DR_SciencePlay_logoAs annual passholders to Disney, my family and I spend many weekends there getting more than our money’s worth of fun–as well as deep inspiration. While I lumber in the familiar heat, carrying our well-worn family backpack that weighs as much as a baby Chewbacca, I am peppered with lively, enthusiastic questions and comments from my mini-entrepreneurs and wannabe inventors as to how they do all that stuff.

My family often surmises as to what Disney would think if he could come back today and see how we’ve progressed–with the subject, not surprisingly, often turning to the amazing innovations we see now thanks to digital design and 3D printing. The general consensus is that even Disney would be incredulous.

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The reality though is that while much of this may be new and exciting to us, it’s already well established on the famous Disney radar, behind the scenes in Disney Research where all sorts of secret magic happens long before we have an inkling.

Now, in a recent project at Disney Research, a small and innovative team is certainly continuing in Walt’s footsteps, but these are a little different as they will be 3D printed and robotic, with the idea of bringing some of those fun and crazy, animated characters to life.

Surpassing the idea of a Snow White lookalike, melting in the sun, wearing ten pounds of pancake makeup and lipliner, or the giant Tigger jaunting by in a full suit, this design team aims to take things straight into the future, Disney style.

We aren’t getting too real though, folks. Animated characters aren’t real, and the designers wanted to retain that cartoonish flavor. The bottom line is that these robots will not be lurching and staggering to and fro like high-tech zombies. The idea wasn’t to make them human either. It’s truly to bring your favorite characters into ‘real life’ while retaining the motion and gait with which you associate them.

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In using the idea not only of 3D printing and robotics, but also of bringing characters to life so that fans can interact with them outside of TV and movies, Seungmoon Song, Joohyung Kim , and Katsu Yamane outlined their project dimensions, accomplishments, and challenges still to be overcome, in Development of a Bipedal Robot that Walks Like an Animation Character.

“Creating robots that embody animation characters in the real world is highly demanded in the entertainment industry because such robots would allow people to physically interact with characters that they have only seen in films or TV,” state the authors. “To give a feeling of life to those robots, it is important to mimic not only the appearance but also the motion styles of the characters.”

The researchers have begun–and it certainly sounds simple enough– by creating a bipedal robot that stands, walks, and interacts just like an animated character as they glean the data from animation and imbue it with character-like mobility, which is referred to by the team as ‘open-loop walking.’ As is typical with robots created for recreational purposes, it moves via joints which are actuated by servo motors, while the links are 3D printed. The challenge in creating a robot that walks like an animated character is in using the ‘incorrect’ and often exaggerated gait (multiplied here by working against the robotic gait) they are famous for while engaged in countless scenarios of humor and drama.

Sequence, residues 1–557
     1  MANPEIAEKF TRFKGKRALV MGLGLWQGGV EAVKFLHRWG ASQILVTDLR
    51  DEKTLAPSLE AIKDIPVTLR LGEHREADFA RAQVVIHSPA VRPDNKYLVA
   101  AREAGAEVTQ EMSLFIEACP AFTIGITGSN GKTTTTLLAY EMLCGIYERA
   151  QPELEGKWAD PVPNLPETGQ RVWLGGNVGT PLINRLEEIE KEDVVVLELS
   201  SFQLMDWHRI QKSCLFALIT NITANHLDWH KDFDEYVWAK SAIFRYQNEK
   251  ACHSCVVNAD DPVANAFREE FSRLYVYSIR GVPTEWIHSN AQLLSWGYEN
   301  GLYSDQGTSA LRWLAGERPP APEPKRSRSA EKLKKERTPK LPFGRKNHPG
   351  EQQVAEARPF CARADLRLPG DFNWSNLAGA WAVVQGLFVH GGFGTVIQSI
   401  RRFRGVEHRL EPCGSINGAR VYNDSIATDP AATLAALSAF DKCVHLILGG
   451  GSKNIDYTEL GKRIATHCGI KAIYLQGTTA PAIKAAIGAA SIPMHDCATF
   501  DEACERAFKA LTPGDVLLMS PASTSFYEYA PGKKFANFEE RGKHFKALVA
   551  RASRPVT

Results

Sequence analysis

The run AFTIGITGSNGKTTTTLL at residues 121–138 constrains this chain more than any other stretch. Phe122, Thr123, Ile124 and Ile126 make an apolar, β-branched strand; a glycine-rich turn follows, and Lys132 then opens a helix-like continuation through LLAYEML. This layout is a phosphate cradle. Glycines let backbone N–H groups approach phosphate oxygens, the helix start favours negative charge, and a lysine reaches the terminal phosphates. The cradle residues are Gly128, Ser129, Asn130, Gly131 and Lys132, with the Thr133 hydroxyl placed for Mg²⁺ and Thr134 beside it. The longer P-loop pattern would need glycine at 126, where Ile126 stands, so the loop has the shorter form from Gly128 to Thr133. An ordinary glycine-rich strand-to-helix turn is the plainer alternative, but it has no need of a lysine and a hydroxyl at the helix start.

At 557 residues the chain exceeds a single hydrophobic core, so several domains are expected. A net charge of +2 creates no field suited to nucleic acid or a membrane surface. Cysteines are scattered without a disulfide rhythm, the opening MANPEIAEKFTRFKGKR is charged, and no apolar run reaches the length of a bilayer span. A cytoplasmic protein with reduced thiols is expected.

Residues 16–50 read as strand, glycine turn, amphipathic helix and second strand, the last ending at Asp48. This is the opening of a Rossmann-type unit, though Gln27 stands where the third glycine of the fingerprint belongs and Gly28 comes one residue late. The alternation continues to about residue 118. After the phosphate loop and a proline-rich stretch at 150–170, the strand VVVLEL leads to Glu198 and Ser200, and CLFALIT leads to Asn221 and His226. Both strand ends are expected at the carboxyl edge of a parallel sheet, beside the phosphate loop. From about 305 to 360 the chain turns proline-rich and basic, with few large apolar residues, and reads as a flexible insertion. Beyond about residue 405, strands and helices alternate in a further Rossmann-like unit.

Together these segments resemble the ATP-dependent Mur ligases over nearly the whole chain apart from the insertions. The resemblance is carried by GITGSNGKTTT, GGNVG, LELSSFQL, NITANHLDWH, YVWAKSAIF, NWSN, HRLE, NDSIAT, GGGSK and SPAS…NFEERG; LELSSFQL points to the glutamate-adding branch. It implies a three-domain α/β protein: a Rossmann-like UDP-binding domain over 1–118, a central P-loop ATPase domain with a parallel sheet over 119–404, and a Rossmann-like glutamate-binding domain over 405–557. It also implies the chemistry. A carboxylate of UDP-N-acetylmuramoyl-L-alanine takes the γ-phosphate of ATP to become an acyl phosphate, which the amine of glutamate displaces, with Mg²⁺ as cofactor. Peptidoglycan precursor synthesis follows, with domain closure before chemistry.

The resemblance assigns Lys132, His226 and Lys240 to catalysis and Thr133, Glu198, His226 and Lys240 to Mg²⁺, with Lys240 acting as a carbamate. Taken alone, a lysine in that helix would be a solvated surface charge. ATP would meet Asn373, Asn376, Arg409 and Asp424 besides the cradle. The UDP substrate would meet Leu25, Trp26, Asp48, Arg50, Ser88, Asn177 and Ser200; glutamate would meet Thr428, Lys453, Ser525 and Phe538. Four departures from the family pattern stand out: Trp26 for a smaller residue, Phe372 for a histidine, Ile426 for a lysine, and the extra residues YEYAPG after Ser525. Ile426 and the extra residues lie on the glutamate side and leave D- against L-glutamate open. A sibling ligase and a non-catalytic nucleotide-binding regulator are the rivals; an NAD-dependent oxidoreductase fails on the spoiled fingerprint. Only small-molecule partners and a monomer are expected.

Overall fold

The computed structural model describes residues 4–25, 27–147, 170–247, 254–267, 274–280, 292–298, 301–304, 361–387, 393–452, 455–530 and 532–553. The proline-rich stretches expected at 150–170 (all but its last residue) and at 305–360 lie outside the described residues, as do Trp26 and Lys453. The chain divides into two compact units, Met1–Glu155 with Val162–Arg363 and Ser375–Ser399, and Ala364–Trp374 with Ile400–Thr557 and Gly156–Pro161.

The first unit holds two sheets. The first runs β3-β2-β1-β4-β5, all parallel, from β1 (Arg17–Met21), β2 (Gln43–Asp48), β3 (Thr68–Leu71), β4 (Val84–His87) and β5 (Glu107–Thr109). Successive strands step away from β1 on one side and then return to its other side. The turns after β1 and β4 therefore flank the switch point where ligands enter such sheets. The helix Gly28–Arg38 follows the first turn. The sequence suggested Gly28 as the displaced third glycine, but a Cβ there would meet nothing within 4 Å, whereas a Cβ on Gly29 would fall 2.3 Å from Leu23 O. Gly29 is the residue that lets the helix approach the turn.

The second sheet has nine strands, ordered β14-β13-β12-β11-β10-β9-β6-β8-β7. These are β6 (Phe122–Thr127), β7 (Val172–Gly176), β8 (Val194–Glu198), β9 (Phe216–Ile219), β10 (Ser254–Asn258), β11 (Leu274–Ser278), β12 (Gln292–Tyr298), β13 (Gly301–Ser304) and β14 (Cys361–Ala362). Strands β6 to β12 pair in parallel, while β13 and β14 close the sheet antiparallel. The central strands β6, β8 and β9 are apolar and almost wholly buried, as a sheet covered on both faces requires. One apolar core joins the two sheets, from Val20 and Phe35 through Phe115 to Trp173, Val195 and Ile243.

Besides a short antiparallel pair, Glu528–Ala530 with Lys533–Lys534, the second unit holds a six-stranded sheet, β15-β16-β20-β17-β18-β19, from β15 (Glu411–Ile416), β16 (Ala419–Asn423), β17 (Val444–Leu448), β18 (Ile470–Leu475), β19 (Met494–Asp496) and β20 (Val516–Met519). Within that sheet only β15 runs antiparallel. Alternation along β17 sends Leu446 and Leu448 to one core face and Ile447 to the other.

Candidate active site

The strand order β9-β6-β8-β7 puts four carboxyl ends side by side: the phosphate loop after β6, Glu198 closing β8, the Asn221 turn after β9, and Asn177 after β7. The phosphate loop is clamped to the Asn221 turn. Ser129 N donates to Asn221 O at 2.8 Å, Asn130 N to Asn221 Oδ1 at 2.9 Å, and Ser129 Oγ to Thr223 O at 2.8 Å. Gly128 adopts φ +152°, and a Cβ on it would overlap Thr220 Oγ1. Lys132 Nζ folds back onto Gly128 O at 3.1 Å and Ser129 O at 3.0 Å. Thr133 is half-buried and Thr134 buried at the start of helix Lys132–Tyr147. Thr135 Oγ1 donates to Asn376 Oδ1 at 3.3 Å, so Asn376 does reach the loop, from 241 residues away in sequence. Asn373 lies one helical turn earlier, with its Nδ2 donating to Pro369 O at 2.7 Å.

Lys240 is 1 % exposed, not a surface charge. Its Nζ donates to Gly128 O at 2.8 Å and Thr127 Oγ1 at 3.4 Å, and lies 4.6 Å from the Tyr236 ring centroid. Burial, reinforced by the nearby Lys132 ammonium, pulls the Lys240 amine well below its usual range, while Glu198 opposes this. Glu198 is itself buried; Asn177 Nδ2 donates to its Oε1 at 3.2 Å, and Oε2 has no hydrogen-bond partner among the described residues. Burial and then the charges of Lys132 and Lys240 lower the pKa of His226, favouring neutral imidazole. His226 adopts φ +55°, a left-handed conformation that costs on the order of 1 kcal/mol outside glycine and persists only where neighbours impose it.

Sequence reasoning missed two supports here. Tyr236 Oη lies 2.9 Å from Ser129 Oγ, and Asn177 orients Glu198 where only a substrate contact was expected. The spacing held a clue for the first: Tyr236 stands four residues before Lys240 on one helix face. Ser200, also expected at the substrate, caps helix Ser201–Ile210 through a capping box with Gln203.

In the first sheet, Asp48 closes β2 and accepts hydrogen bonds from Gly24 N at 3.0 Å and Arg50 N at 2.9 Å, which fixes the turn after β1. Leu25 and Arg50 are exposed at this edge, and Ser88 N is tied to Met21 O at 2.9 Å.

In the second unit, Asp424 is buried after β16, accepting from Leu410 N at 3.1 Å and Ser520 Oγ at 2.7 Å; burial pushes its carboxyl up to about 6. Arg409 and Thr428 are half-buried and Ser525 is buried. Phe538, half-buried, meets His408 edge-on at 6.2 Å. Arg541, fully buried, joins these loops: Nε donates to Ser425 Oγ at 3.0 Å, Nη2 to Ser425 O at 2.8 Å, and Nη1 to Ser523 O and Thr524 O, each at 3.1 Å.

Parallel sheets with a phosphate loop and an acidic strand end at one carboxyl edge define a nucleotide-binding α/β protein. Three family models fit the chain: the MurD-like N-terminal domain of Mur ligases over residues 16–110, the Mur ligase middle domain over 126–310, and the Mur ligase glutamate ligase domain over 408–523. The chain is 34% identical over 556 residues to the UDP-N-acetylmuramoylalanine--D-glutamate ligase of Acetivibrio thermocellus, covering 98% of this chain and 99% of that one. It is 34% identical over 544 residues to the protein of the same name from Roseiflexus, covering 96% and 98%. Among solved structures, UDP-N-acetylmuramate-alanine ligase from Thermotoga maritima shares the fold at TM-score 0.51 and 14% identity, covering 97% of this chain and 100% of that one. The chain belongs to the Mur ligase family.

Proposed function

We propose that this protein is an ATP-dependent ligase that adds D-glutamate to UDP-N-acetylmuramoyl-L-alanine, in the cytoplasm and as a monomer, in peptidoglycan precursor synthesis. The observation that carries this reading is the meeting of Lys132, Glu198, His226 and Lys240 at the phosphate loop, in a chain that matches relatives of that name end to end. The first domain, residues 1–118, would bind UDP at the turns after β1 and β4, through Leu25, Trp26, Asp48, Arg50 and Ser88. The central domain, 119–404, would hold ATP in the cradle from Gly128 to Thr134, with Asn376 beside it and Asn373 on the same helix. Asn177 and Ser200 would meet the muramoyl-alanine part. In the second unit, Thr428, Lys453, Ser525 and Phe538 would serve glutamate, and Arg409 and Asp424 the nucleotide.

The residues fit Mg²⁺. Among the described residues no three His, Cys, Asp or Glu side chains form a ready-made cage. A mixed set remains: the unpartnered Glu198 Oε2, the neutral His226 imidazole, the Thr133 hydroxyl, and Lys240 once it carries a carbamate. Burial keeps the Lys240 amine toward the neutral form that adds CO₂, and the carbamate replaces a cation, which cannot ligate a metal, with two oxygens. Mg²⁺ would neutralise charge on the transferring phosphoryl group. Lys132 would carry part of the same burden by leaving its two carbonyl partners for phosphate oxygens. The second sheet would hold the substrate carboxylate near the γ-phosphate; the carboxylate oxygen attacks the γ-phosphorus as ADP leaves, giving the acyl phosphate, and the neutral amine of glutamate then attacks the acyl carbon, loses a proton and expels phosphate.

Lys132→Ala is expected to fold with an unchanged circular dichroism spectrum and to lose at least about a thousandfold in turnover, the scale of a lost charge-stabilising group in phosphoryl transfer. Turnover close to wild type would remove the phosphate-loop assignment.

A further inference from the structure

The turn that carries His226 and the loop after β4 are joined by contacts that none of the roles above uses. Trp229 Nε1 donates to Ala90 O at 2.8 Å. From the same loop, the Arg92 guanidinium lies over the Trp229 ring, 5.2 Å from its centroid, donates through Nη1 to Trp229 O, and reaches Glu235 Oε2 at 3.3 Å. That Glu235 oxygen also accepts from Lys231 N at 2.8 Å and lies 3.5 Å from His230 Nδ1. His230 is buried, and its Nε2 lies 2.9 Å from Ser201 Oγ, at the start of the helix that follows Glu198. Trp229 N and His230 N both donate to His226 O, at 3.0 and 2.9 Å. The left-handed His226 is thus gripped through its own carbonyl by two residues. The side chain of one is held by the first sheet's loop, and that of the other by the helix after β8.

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“Using trajectory optimization, we generate an open-loop walking trajectory that mimics the character’s walking motion by modifying the motion such that the Zero Moment Point stays in the contact convex hull,” states the team of authors. “The walking is tested on the developed hardware system.”

All of the segments were 3D printed using a Stratasys’ Objet260 Connex. The robot was then constructed fully by assembling the segments, aluminum frames, and actuators.

The research and design team has much more latitude these days, afforded by streamlined digital design and 3D printing of the robotic joints–meaning when they make an edit, it’s easy to re-print pieces on conceptual whim or editing requirements. And there are still some changes to be instituted in the design, according to the team.

Through attempting to keep their feet walking in a flat motion by mapping the character’s motion and using trajectory optimization, the researchers were able to have the robots walk, but observed challenges in speed. Their plan is to work that out in the future by refining the trajectories as well as working on foot, swing height, creating better segments, and experimenting with material.

As the robots, inspired by the researcher team’s very own Disney character brand, continue to evolve and walk expediently on terra firma, we’ll continue to follow their progress with interest. It’s certainly exciting to see what’s going on behind the scenes at what many people forget is one of the most innovative companies of all time–and you can bet you’ll probably see these robotic creations ambling around a theme park before too long.

As the legacy at Disney continues to grow, they propel us further into the ultimate world of escape, entertainment, and innovation. And ‘lest you forget: it all started with a mouse.

Are you surprised to hear that Disney is working on such a robot, involving 3D printing? Do you think there is a need for such a thing in the entertainment center?  Discuss in the Disney Research 3D Printed Robots forum thread on 3DPB.com

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